For businessmen eager to cash in on Detroit and remake it's future as they wish, though, there remains a bit of a problem: economic catastrophe tends to breed crime and violence and this, frankly, is disquieting to investors. On the one hand the miles of abandoned buildings and the dire lack of social services have left Detroit ripe for development. On the other hand, many businesses are very nervous about opening new establishments in such a desolated place where there not only are too few drug treatment centers and schools, but, in their view, there also are too few policemen.
Their answer to this conundrum? Well, it is not to call upon the state to reinvest in its social safety nets and public infrastructure. It is, instead, to call on today's version of Blade Runner and Robocop to help them do business--to help them make the money they know there is to be made.
For Mega-developer and Quicken Loans CEO Dan Gilbert, private policing is exactly what is needed to help him, help Detroit. And thus, Gilbert, also the man behind Rock Ventures--a "Family of Companies' investments, real estate acquisitions, business ventures and community efforts in the city" that has wooed or created over 120 new businesses in downtown Detroit-- has constructed a massive computerized control room which monitors the more than 2 million square feet of real estate he owns in the city as well as the "streets and sidewalks surrounding the buildings."
With over 300 cameras trained on the buildings and streets of downtown Detroit, an effort bolstered as well by other large companies such as General Motors, Compuware, and Illich Holdings, investment in a city known for its ruin porn, seems much safer. But surveillance, it seems, is not enough. Gilbert, for example, also sees paying private security officers from a company called Guardsmark Inc. "to spot potential trouble and to deter thieves, drug dealers, muggers and even aggressive panhandlers" as part of his philanthropic duty in the Motor City.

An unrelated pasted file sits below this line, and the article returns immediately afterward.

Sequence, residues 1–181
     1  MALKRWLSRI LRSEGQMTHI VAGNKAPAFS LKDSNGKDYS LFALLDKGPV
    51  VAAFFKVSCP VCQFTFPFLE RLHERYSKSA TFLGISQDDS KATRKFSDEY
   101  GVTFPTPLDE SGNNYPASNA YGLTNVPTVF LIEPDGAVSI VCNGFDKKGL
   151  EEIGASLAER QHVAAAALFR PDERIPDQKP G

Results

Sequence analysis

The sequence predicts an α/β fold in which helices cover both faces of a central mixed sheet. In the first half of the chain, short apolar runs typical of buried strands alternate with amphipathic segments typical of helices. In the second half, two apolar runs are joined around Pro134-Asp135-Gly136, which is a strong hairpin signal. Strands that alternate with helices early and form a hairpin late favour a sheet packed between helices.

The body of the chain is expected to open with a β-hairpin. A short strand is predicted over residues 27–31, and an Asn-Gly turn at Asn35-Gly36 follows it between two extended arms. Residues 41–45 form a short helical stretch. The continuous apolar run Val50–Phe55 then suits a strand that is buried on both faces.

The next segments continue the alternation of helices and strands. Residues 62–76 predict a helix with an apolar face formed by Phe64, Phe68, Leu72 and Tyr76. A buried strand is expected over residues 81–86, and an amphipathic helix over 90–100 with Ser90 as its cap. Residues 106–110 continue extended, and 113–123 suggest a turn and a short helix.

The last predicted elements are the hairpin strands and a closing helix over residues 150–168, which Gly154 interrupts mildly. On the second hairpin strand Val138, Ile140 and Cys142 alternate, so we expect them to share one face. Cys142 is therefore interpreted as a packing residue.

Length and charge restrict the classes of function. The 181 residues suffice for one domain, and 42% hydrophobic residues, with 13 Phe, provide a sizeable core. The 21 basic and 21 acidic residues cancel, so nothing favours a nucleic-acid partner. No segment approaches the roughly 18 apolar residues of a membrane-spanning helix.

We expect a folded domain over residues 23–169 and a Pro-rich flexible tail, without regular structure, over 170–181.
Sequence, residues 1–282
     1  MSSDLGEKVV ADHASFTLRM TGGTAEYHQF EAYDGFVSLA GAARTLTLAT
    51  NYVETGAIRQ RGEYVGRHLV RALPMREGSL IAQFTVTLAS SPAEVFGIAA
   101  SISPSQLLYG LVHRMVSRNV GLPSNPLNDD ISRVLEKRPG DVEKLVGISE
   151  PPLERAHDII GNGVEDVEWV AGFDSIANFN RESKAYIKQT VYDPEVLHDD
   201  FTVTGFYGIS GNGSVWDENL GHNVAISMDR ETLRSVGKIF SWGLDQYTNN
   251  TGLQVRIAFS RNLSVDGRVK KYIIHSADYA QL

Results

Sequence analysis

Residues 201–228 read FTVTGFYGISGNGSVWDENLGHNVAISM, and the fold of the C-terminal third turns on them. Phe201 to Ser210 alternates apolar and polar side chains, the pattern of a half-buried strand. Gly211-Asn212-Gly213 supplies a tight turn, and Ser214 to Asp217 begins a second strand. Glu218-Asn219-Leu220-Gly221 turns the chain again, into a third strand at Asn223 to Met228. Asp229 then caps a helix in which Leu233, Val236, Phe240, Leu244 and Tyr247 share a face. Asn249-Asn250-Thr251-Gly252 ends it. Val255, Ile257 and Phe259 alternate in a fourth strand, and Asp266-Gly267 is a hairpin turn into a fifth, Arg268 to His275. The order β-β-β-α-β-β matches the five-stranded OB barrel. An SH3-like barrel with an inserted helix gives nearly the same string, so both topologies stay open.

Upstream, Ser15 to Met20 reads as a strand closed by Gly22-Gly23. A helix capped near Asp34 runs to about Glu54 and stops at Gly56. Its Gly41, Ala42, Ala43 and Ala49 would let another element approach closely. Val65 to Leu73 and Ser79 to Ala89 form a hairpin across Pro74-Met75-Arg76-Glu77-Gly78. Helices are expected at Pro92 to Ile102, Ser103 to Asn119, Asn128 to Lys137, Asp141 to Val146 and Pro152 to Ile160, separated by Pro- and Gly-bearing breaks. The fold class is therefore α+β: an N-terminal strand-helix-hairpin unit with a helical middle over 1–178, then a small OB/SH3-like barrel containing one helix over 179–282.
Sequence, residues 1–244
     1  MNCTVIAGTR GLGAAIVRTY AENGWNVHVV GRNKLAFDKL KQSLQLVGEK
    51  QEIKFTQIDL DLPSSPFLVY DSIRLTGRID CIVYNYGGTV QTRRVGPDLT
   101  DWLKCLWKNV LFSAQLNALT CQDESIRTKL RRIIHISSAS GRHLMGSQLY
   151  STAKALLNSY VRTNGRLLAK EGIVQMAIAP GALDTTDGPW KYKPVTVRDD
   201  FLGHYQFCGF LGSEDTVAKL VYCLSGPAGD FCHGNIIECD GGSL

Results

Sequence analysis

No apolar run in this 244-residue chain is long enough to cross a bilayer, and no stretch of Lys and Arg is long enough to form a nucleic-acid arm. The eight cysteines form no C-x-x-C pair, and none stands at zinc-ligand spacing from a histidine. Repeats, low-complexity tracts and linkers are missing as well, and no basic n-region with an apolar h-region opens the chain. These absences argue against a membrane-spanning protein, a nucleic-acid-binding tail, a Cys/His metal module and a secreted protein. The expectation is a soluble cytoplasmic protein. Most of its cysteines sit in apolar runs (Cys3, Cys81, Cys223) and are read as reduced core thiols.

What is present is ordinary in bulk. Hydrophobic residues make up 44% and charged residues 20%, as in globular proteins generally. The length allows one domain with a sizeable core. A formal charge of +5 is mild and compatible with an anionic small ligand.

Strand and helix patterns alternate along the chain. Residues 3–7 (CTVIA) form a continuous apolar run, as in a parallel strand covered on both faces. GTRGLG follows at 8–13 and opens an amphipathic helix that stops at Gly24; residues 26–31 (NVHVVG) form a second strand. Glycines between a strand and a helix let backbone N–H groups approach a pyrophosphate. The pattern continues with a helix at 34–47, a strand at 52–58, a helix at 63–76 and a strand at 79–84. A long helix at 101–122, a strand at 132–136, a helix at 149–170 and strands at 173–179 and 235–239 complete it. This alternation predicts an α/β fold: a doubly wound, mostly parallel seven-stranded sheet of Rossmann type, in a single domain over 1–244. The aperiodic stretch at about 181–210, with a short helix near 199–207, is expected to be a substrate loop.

Detroit is by no means the only devastated urban locale to turn to private policing rather than attempt to rebuild the public infrastructure that could also provide public safety. In fact, private security firms have come substantially to supplement, if not completely to replace, the publicly-funded public safety presence of troubled inner cities ranging from Oakland, to New Orleans, to small towns in states such Minnesota, to entire neighborhoods--sometimes extremely rich, sometimes desperately poor--in urban centers such as Atlanta and Baltimore.